It’s a small break.

A large break is looking more at the big picture. It’s getting home from work and recognizing that you’ve been training hard for a marathon each day for the last month and need to take a day off. So you take the day off from running, rest, and return to your training the next day with regained enthusiasm and energy.

Both are breaks, both are good for you.


Small Large

In my day-to-day productivity, I find taking breaks between tasks to be very helpful.

For instance, I’ll start writing something in the morning, then work on something else for a few hours, and then finish writing in the afternoon with a new effectiveness. It’s a small break.

Additionally, every few months if I feel like I’ve been pushing considerably hard, I’ll take a few days off from QuickBooost so that I can reset. Then after those few days, I’ll come back to it with a jolt of energy, excitement, and productiveness. It’s a large break.

Now, one thing you should consider before embarking on a break-taking journey is…

Are you doing it for the right reasons?



Need a break? Or need to do the work?

No judgment here. Trust me. But, I do need to mention that breaks should be taken for that very reason – to give yourself a break from working so hard. To give you the time and space to reset and get ready to tackle the challenges in front of you once again.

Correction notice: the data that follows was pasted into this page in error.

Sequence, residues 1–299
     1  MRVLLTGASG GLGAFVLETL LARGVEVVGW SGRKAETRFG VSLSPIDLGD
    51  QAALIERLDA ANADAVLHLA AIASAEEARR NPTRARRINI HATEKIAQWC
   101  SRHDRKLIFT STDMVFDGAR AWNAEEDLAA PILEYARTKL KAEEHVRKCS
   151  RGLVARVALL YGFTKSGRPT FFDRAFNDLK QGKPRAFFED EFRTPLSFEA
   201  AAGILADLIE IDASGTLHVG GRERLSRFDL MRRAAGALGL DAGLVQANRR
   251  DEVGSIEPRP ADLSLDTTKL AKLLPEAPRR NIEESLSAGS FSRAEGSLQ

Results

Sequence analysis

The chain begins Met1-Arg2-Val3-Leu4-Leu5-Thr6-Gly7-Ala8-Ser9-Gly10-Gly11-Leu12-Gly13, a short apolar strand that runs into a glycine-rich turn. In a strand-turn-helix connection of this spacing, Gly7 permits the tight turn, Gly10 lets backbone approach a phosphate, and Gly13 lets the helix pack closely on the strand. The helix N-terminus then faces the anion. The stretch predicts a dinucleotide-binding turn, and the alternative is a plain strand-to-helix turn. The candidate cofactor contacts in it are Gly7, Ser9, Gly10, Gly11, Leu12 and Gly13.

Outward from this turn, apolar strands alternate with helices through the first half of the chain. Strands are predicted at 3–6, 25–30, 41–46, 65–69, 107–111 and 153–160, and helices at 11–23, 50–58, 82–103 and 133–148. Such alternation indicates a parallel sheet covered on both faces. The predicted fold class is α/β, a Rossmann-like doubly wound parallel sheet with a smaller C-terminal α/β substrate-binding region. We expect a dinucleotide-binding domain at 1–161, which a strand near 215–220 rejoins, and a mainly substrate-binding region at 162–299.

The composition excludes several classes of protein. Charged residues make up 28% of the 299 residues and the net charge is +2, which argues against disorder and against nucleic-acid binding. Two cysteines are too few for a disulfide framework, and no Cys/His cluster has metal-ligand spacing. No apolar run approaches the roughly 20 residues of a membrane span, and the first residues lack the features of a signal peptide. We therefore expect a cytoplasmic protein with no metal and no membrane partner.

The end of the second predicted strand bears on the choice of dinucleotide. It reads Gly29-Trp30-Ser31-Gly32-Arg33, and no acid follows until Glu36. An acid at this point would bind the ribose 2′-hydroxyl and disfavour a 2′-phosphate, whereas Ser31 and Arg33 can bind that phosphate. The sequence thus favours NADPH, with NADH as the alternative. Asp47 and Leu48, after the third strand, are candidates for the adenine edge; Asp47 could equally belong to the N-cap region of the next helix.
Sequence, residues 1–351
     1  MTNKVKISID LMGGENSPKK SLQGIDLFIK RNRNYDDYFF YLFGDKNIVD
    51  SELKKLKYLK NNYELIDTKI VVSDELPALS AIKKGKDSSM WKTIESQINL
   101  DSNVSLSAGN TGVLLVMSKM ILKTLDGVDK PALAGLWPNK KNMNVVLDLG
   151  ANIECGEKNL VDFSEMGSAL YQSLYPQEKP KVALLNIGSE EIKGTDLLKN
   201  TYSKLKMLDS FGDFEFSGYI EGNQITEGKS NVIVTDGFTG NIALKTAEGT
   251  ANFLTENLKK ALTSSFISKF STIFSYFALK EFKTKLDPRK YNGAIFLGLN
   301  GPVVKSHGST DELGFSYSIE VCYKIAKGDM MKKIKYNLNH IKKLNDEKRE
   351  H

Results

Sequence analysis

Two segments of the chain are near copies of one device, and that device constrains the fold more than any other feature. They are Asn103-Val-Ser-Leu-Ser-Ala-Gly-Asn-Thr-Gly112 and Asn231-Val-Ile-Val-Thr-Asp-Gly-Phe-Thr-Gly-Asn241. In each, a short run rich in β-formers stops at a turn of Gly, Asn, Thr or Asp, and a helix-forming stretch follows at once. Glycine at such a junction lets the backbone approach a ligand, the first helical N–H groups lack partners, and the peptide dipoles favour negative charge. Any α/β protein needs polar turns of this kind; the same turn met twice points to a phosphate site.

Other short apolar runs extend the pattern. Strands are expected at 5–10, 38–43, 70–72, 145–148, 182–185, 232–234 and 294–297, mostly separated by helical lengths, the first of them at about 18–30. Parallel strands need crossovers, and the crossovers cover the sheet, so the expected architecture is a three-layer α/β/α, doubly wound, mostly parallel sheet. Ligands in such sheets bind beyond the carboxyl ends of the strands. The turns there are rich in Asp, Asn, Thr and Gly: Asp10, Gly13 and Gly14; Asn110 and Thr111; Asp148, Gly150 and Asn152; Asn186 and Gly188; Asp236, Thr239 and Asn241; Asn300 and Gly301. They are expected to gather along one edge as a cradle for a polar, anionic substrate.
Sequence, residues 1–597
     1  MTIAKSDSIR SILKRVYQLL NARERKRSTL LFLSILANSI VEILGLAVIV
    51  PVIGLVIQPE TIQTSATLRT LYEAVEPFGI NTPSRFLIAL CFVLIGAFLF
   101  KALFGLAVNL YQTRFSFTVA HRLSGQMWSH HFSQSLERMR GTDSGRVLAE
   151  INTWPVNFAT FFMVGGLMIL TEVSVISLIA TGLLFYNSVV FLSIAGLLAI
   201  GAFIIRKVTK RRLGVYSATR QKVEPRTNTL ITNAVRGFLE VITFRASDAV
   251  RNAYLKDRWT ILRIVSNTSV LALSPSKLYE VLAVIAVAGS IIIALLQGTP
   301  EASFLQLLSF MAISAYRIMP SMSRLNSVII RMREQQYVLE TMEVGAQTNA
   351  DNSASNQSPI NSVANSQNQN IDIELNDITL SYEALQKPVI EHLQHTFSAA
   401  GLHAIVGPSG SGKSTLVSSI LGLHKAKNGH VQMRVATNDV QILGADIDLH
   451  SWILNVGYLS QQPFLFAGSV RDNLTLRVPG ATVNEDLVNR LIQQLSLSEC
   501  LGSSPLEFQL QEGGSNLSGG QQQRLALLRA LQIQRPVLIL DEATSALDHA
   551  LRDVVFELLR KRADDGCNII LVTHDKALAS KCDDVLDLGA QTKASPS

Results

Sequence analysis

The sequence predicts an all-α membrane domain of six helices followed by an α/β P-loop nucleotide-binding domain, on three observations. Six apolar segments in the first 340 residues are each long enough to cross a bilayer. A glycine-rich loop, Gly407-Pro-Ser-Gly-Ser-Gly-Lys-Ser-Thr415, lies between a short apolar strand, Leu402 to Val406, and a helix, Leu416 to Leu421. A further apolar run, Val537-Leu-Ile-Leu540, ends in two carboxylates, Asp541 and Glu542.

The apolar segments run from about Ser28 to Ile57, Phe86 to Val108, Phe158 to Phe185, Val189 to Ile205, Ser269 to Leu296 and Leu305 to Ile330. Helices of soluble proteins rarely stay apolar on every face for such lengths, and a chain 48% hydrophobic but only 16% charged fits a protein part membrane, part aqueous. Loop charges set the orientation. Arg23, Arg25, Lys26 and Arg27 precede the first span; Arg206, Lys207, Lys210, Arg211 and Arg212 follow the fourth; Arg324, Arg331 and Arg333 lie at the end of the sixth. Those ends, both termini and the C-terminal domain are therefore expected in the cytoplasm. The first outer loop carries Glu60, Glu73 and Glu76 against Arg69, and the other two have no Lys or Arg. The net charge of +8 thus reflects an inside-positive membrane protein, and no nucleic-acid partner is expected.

However, there is a scenario where your wanting to take a break is actually procrastination or laziness disguised as fatigue.

Procrastination is putting something off because it’s difficult. Being lazy is putting something off because you’re content with doing nothing at all. Neither one of these scenarios though will resolve themselves by you taking a break.

For example, if you’ve been putting off working on a report all morning, taking 30 minutes to “clear your head” isn’t going to help you at all or increase your productivity in any way. What you need to do is buckle down and do the work. It’s that simple.

On the other hand, if you’ve been working on that report straight for three weeks and are completely exhausted, taking a personal day may just give you the break you need to reset your productivity levels.

So before deciding whether or not to take a break, consider if you’re actually just being lazy or procrastinating.


Need a break? Take a day off if you need it!


What to do if you need a break from life, work, or anything else

You’ve decided that yes, you need a break. You’re not procrastinating, you’re not being lazy, you’ve been putting in the time and need to take a breather.

Well, where do you start?

What’s the best way to make this break thing happen and ensure that you get the benefit out of it that you need? Here are some tips to follow.


Need a break? Give yourself permission

I know this sounds kind of silly, but for my fellow type A’s out there, you probably know all too well how hard it is to turn off. To stop doing and just relax.

So to actually get value out of this break, you need to give yourself permission to take it.

For me, that looks like telling myself that, while I would love to keep pushing, by taking a break now I will be that much more productive with my time later today, or tomorrow, or whenever I intend on getting back to it.

In the moment, it can be difficult to accept it, but I know that future Corey is benefiting from the break that present Corey is taking.


Need a break? Understand what you need to take a break from

This may seem obvious, but a little self reflection never hurt anyone. So before you take a break, recognize what it is that you need to take a break from.